Video: Weston Park is transformed into Jurassic Park

Martin Goymour, managing director, and his son, Adam, park manager, with the animatronic T-Rex at th

Martin Goymour, managing director, and his son, Adam, park manager, with the animatronic T-Rex at the Dinosaur Adventure Park, Lenwade. Picture: Denise Bradley - Credit: Archant 2013

Its ferocious roar stops visitors in their tracks and children instinctively reel back as the giant raptor flicks its tail and opens its giant jaws.

One tormenting father says: 'Here's a tasty four year old.'

The terrifying Tyrannosaurus Rex and its equally ferocious 'brother' Allosaurus are the latest arrivals at Dinosaur Adventure – and put Jurassic Park into Weston Park.

For unlike the park's original, much-loved stationary dinosaurs the new kids on the block – actually dating back 150 million years in the case of Allosaurus – come with realistic moving parts.

Park managing-director Martin Goymour combed the world for the latest additions and the pair, controlled by sophisticated electronics, have been bought from a Chinese company at a cost of £30,000.

They have been unveiled, one by the entrance and one next to the indoor play area, Dinomite, in time for the school holidays.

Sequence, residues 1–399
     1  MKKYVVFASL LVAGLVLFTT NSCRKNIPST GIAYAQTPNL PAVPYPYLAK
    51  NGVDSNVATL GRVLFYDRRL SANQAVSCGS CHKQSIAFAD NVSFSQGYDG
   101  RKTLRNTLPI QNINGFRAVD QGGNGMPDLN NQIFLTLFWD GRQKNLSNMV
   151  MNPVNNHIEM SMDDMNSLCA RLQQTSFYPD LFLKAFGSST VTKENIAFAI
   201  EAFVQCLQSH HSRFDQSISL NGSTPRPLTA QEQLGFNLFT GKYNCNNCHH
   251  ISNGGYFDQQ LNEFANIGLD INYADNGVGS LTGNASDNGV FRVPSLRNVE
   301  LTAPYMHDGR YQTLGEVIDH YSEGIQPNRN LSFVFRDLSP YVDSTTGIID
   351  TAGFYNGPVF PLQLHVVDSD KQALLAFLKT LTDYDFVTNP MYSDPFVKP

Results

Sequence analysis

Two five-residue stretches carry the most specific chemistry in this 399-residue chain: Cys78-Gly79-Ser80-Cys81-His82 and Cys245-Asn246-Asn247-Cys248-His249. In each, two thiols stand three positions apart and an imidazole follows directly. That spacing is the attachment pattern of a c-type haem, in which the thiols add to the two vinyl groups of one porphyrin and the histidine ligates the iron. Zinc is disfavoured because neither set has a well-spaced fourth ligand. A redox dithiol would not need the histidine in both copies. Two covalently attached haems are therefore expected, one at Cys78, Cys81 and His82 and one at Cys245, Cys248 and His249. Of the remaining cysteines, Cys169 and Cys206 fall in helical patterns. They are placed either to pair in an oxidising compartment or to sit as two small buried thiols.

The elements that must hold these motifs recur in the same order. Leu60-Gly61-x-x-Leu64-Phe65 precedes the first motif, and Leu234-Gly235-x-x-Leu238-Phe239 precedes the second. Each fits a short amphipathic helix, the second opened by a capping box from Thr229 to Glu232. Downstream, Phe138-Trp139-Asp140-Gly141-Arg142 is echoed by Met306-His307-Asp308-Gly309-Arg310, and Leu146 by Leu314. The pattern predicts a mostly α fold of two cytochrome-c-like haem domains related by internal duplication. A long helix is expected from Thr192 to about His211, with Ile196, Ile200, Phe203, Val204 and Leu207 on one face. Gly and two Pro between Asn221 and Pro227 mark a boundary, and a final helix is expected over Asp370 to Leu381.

'It's amusing to see children's reaction when they come to life and roar – but in their first three weeks here everyone has loved them,' said Mr Goymour.

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A third animatronic dinosaur, an Ankylosaurus, will be arriving in August and Mr Goymour plans to add to the collection at a rate of two a year.

He said: 'We first saw them when we visited a major European leisure and tourism show in Berlin last year.

'Their purchase continues the significant investment we have made in the park since we took over seven years ago. Dinomite, which opened two years ago, cost £1.5m and we have spent more than £2.5m in total.'

The investment had seen visitor numbers increase 40pc in that time and they were expecting 200,000 visitors this year.

He emphasised that the existing dinosaur collection would remain by popular demand.

'We have a lot of loyal followers, with 10,000 season ticket holders, and a lot of the existing dinosaurs are firm favourites,' he said.

Mr Goymour, whose son Adam is park manager, said their five-year plan would see even more exciting developments. 'We have plans for a live dino theatre experience and possibly a 3D cinema showing short dinosaur films,' he said. 'We are also looking at the possibility of an outdoor splash zone with fountains.'

While the animatronic dinosaurs are restricted to their stands – the T-Rex will have Jurassic Park-style fencing built around it – visitors are likely to come face to face with a dinosaur roaming the park by the end of the summer.

For the park's dinosaur sculptor is working on a raptor which will be brought to life by an operator inside it.